Former presidents who already command million-dollar speaking fees and book deals don’t exactly need taxpayers to shell out an annual six-figure pension for the remainder of their lives, so on Monday, the House easily passed legislation to reduce the pensions and federal benefits provided to former presidents.
Under a law established in 1958, former presidents are eligible for an annual six-figure pension, plus funds for staff salaries, office space and other expenses. However, prior to voting on the bill, the lawmakers all agreed that modern-day former presidents don’t need financial assistance from the government.
Author of the bill, Rep. Jody Hice (R-Ga.), questioned the necessity of providing funds for former presidents who can make millions through their own efforts. Benefits for former presidents cost taxpayers $2.84 million in the fiscal year 2017, according to Hice’s office.
“Because of these opportunities, it’s no longer necessary to provide taxpayer-funded support to former presidents in the same way as envisioned in 1958,” Hice said during a House floor debate.
The Clintons are a good example of this: Former President Clinton — as well as his wife, former First Lady Hillary Clinton — earned an average of $210,795 for each paid speech from the time he left office in 2001 until her 2016 campaign launch, according to a CNN analysis.
The legislation would reduce the presidential pension by about $4,000 to $200,000 per year and cap the budget for each former president’s office and staff expenses to $500,000 annually, according to a report in The Hill.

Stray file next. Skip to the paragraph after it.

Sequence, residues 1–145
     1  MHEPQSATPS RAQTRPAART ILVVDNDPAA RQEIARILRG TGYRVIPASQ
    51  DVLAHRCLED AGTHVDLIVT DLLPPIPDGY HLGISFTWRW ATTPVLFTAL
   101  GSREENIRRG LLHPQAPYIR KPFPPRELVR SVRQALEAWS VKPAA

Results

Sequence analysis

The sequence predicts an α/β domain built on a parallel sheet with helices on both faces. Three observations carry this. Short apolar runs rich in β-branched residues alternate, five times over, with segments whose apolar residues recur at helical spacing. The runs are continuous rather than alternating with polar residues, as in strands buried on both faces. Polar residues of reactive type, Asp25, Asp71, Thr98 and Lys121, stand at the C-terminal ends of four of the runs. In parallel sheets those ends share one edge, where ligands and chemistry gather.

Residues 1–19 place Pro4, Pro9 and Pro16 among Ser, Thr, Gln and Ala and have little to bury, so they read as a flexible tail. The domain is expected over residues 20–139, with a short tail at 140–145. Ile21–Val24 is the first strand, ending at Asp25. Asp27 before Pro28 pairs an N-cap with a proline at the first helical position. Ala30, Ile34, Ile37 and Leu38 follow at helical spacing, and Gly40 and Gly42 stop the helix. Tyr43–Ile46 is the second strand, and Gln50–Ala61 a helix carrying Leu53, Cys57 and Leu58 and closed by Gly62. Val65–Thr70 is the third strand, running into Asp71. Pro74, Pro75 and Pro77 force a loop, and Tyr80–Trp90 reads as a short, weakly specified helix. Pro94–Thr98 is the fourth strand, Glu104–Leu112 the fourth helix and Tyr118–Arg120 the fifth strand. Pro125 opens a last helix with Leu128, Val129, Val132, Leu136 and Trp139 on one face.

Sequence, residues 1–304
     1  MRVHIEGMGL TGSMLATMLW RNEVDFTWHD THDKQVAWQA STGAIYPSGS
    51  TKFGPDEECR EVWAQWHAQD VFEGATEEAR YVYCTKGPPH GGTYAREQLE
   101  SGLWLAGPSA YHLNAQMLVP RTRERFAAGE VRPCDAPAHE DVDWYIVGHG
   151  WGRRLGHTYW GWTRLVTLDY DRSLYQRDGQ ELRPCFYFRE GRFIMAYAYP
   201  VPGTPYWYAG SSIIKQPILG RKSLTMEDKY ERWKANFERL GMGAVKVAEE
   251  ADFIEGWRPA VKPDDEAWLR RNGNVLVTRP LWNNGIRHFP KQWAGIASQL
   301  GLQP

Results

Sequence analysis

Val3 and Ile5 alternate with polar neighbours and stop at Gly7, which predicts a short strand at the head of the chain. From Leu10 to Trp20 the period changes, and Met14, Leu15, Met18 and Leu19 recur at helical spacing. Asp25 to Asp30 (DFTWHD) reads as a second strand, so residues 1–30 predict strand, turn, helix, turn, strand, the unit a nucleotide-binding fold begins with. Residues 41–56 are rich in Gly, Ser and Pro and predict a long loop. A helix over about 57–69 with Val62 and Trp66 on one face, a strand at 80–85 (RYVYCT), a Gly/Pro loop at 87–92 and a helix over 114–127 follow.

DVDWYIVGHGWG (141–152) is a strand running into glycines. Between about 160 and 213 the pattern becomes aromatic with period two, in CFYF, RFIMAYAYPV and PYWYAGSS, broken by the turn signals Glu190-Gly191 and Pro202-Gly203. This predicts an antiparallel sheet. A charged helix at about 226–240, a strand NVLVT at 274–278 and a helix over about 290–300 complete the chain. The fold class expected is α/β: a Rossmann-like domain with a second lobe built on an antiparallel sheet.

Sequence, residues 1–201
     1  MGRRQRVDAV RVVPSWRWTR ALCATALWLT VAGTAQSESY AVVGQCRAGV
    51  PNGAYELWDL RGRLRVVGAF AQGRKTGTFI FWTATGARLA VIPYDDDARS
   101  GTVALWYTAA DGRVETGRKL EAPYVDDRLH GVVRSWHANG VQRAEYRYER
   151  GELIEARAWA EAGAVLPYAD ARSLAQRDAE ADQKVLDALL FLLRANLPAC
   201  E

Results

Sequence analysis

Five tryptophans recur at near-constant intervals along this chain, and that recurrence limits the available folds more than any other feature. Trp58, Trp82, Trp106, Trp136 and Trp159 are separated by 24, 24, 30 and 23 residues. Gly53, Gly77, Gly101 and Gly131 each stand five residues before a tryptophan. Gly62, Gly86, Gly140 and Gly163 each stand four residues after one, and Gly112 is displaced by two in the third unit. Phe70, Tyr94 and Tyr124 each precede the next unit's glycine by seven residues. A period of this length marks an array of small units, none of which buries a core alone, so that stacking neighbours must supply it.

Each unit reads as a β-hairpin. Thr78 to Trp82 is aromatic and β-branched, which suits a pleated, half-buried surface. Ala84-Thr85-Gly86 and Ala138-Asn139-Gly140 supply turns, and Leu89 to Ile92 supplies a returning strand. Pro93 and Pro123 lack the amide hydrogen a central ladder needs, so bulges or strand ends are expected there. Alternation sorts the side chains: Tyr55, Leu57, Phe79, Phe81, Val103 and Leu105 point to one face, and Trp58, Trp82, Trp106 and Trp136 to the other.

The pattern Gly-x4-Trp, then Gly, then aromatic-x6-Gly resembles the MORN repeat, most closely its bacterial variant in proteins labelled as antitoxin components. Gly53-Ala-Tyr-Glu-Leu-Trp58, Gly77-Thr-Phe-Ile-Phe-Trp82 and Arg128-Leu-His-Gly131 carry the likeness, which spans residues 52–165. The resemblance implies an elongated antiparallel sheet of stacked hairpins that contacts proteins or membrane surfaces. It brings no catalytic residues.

Funds available for presidential office expenses would be reduced for every dollar a former president earns over $400,000. Eventually, the staff and office budgets would be phased down to $350,000 in six years and $250,000 in 10 years.
Former presidents and their families would still enjoy the same amount of security provided by the government as they do today.
Senator Joni Ernst (R-Iowa) has introduced companion legislation in the Senate.
The House and Senate sent similar legislation to then-President Obama’s desk in 2016. But Obama vetoed the measure out of concern that it would spark unintended consequences by forcing-out presidential office staffers without a transition period and possibly affect government operations for former presidents’ security.
Obama wrote in a message to lawmakers that he would sign the bill into law if Congress “returns the bill having appropriately addressed these concerns.” However, lawmakers did not act before Obama left office in January.
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